Israeli-Palestinian skirmishes take to the air

Israel enacted a 'no-go' zone to prevent Palestinian militants in northern Gaza from firing rockets.

More than three months after the last Israeli soldiers left the Gaza Strip and sealed the fence behind them, the daily violence that many hoped would end there has returned as the two sides have taken their battle to the air.

Over the past weeks, Palestinian militants in former Jewish settlements have launched rockets from northern Gaza with increasing frequency into southern Israel, hitting Sderot and Ashkelon.

As a result, Israel moved Wednesday to begin enforcing a "no-go zone," an approximately two-by-six-mile area that was home to three Jewish settlements before Israel withdrew from Gaza earlier this year. Anyone who enters the area runs the risk of being fired on.

"[Militants] are firing freely every night, so we are drawing a red line," Israel spokesman Raanan Gissin said. "Anyone who crosses into that area once the program is implemented is fair game."

In preparation for enforcing the no-go zone, the Israeli Air Force began dropping leaflets in Gaza Tuesday night, warning residents to stay out of the area.

Palestinian militants hit Sderot with regularity before Israel's pullout from Gaza. But it wasn't until the withdrawal that they could get close enough to strike Ashkelon. Militant groups have also claimed they boosted the range of their projectiles.

Initially, the Israeli response was targeted killings of militants from the two groups believed to be responsible for the attacks - Islamic Jihad and the Al Aqsa Martyrs Brigade. However, the army recently changed tactics to fire artillery into Gaza, while Air Force helicopters shot missiles at roads, bridges, and buildings used by the groups.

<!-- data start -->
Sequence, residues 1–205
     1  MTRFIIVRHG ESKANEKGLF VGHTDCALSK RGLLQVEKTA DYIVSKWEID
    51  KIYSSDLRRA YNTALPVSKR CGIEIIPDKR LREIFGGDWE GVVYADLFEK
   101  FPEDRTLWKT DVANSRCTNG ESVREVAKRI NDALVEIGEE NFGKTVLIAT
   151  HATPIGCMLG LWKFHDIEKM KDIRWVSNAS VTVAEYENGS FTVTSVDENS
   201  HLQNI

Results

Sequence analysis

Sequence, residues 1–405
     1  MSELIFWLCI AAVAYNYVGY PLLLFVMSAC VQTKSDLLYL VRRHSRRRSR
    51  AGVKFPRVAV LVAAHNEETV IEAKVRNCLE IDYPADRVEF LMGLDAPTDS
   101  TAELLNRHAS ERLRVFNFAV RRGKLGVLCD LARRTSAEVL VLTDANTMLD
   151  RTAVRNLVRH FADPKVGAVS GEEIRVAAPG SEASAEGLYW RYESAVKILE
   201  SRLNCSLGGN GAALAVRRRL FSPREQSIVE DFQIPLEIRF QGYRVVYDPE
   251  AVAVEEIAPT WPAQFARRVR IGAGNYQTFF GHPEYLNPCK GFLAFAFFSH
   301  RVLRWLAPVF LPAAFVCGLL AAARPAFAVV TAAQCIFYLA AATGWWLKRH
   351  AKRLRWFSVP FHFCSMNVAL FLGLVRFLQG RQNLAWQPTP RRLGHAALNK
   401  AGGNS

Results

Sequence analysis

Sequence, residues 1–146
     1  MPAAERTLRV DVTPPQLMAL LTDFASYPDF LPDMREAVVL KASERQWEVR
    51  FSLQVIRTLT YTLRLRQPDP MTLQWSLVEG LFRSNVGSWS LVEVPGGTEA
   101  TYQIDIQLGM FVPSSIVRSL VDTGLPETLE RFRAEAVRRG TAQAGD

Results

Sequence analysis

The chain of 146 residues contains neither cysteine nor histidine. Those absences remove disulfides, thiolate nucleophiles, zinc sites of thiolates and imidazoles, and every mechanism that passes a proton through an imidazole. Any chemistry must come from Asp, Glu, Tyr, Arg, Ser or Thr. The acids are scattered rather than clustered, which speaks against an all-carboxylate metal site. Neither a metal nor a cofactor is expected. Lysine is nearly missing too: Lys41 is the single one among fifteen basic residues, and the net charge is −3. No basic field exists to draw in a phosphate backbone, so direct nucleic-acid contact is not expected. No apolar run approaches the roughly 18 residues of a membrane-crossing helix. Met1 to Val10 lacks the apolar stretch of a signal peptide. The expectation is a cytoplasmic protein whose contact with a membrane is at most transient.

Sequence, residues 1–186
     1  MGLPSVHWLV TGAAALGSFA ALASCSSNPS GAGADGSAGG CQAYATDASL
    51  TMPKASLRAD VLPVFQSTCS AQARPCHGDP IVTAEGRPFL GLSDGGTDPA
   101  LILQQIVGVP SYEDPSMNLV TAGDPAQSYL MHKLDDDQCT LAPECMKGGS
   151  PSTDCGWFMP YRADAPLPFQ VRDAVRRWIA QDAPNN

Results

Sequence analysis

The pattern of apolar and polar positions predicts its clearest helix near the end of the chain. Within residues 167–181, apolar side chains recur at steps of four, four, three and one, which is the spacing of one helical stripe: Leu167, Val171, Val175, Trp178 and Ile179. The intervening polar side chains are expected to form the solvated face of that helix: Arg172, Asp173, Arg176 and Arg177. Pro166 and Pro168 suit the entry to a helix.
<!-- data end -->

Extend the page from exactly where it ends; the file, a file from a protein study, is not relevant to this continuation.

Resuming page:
Seeking to calm the situation, Palestinian President Mahmoud Abbas traveled to Gaza Tuesday to urge the militants to cease their rocket sorties.

"We demand everyone be committed to the truce," says Saeb Erekat, the Palestinian chief negotiator who often acts as a Palestinian Authority (PA) spokesman. "We consider the truce a matter of high national interest."

Mr. Abbas was rebuffed, however, by at least Islamic Jihad, the group responsible for the majority of the strikes. "I think the continuation of resistance is what's better for the Palestinian people," the Associated Press reported Islamic Jihad Spokesman Khaled Batch saying in Gaza.

How effective the no-go zone will prove in halting the attacks remains to be seen. Calling the no-go zone "a stop-gap measure," Michael Orin, a senior fellow at the Shalem Center, an academic research institute here, says preventing rocket attacks is nearly impossible.

"We know from our experience in Lebanon that it's very difficult to sanitize an entire area of activity," Mr. Orin says. "It's probably important for [Prime Minister Ariel] Sharon politically because he doesn't want to go into Gaza before" Israeli elections in March.

According to Orin, Israel's response is limited because sentiment among the international community, as well as within Israel society, prevents its military from returning fire into densely populated areas. "Ultimately, the only surefire answer is if the Palestinians themselves decide to crack down on this, and right now you have a Palestinian leadership that is either unwilling or incapable of doing that," he says.

While acknowledging that it is the PA's responsibility to stop the rocket attacks, Erekat says that the no-go zone will only complicate matters and is "tantamount to reoccupying Gaza. It will just add to the violence and problems that we have."

Instead, Erekat says, Israel should help the PA rebuild the capacity of its security forces, providing them with equipment and ammunition so that they may police Gaza effectively. "We are trying our best but we are unable to stop [the militants]. If the Israelis could help, then we could solve the problem."

Meanwhile, a barrage of Katyusha rockets launched from Lebanon hit the northern Israeli town of Kiryat Shemona Tuesday night, sending residents into bomb shelters. Israel responded by bombing a training base south of Beirut used by the Popular Front for the Liberation of Palestine (General Command), a small group Israel says is backed by Syria.

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